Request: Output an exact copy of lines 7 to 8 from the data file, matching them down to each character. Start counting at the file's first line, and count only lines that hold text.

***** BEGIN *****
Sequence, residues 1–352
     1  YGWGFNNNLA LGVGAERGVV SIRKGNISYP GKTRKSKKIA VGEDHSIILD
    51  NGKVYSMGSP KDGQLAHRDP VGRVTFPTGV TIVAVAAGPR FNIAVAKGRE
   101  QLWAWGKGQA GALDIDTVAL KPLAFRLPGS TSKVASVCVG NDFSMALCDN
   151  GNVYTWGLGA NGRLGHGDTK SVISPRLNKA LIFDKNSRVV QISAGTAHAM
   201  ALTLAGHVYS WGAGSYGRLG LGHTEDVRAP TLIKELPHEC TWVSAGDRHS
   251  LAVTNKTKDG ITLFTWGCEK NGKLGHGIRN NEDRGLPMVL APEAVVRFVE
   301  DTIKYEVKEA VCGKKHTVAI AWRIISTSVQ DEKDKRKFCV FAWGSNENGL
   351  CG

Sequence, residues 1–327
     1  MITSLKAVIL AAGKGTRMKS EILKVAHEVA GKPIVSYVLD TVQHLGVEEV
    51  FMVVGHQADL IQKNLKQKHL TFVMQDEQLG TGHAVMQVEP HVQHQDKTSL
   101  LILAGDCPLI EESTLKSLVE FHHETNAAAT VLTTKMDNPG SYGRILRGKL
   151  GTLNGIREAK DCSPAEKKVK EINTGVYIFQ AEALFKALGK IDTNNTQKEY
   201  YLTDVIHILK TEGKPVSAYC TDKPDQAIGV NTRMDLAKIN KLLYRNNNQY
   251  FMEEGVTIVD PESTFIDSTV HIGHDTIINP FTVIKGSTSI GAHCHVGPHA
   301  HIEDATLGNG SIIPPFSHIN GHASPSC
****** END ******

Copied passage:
   251  LAVTNKTKDG ITLFTWGCEK NGKLGHGIRN NEDRGLPMVL APEAVVRFVE
   301  DTIKYEVKEA VCGKKHTVAI AWRIISTSVQ DEKDKRKFCV FAWGSNENGL